1. I did the 2:30 AM wake-up call to be at the crater in time for sunrise. From where I was staying near Lahaina it took just over two hours to get to the top. Although the road wasn’t horribly curvy, I was beginning to feel a bit queasy by the time we got to there; however, I was soon revived by the near freezing temperature and high winds (not joking). When my buddy took his wife’s stylish coat with fur-lined hood out of his trunk and offered it to me I squeezed myself into it without hesitation. To be clear, Haleakala is not a lush, tropical hill. It is a 10,000 foot Mordor-esque volcanic wasteland and it is bloody COLD up there. We stayed in the lower parking lot and watched from the front side of a small building where there was some shelter from the wind. At first I thought we got there too early but by the time the big show happened there were 100 people or more watching and the sheltered part only fit maybe 30 of us. One couple brought their kids who were under 5 years old. They were troopers but this is not something I would recommend – too cold and too boring. The sunrise was beautiful, and at the moment the sun came into view there was some beautiful singing. Unfortunately, some of the people around me didn’t stop talking which kind of spoiled the moment. Once the sun was fully up we realized that we could have gone further up to a 2nd building by turning right when you get to the parking lot. We had heard something about this but it is very dark up there and didn’t see the road. I don’t think it matters much, and we were grateful for the shelter from the wind. The drive down was uneventful and my buddy and I had time to go for breakfast before our families were really even up and about for the day. All in all it was a fun adventure and an opportunity to have some one on one time with a good friend. The sunrise was a bonus!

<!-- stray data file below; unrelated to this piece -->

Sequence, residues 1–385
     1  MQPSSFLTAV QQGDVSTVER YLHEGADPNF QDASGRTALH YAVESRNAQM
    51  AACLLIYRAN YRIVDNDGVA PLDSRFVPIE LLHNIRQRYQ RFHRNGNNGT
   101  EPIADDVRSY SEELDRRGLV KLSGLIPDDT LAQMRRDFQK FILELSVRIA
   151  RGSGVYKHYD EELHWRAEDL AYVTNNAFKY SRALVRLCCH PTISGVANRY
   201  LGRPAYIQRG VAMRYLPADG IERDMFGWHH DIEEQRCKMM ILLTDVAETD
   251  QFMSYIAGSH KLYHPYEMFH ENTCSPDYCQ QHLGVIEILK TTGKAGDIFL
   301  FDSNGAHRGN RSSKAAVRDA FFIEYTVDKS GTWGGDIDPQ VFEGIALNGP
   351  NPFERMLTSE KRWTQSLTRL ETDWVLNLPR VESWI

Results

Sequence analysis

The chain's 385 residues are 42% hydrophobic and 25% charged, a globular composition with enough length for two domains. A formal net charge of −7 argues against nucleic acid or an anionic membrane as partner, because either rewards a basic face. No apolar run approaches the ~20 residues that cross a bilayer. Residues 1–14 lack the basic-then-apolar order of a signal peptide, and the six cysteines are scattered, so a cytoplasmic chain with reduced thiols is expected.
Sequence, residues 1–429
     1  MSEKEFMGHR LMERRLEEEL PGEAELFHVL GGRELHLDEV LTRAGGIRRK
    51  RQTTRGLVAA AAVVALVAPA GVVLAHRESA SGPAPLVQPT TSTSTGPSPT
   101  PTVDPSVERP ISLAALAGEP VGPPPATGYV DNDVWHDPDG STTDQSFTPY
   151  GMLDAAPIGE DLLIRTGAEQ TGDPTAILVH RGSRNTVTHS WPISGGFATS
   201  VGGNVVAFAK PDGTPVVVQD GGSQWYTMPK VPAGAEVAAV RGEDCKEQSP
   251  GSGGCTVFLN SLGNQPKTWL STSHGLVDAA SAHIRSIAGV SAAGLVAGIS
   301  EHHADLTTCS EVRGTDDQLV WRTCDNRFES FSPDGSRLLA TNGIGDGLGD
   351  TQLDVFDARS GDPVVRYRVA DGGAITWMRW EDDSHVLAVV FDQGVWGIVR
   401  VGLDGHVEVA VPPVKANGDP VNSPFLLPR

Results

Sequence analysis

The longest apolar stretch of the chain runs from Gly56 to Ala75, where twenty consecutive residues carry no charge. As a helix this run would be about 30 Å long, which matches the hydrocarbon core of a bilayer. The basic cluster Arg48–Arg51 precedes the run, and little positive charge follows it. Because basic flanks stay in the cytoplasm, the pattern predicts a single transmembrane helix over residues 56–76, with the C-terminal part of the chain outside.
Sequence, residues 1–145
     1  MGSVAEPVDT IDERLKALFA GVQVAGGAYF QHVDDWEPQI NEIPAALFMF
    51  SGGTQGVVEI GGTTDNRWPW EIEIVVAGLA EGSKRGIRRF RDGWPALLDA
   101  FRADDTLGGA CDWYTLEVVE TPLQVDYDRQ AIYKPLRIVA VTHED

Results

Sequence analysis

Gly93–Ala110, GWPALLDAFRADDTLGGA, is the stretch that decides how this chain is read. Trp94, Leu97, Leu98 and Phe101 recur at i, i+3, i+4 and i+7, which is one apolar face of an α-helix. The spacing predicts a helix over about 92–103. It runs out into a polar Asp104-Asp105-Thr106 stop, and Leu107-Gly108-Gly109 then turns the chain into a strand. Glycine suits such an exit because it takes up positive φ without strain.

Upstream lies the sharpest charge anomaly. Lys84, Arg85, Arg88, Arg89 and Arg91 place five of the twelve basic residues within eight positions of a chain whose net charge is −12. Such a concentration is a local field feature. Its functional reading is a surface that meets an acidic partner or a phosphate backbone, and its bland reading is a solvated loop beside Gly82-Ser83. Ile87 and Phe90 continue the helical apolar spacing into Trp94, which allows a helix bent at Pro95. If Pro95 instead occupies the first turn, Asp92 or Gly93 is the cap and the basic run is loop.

2. I’m doing this trip on the 24th of March 2024 and it will be the highlight of my trip (19th to the 26th) Yes, getting up at 3am to drive and then freeze to death for what will likely be a once-in-a-lifetime photography opportunity will be the highlight for me :). I will have several lenses with me covering ultrawide to 400mm. If anyone reads this before I shoot, and has shot here, please chime in with advice on which lens you think will serve me best (wide or Zoom) as I would prefer to not have to swap out in the cold. Still looking forward to the experience. You now have to have a reservation to view the sunrise so hopefully the crowds will be smaller that early on a Sunday morning in March. 🙂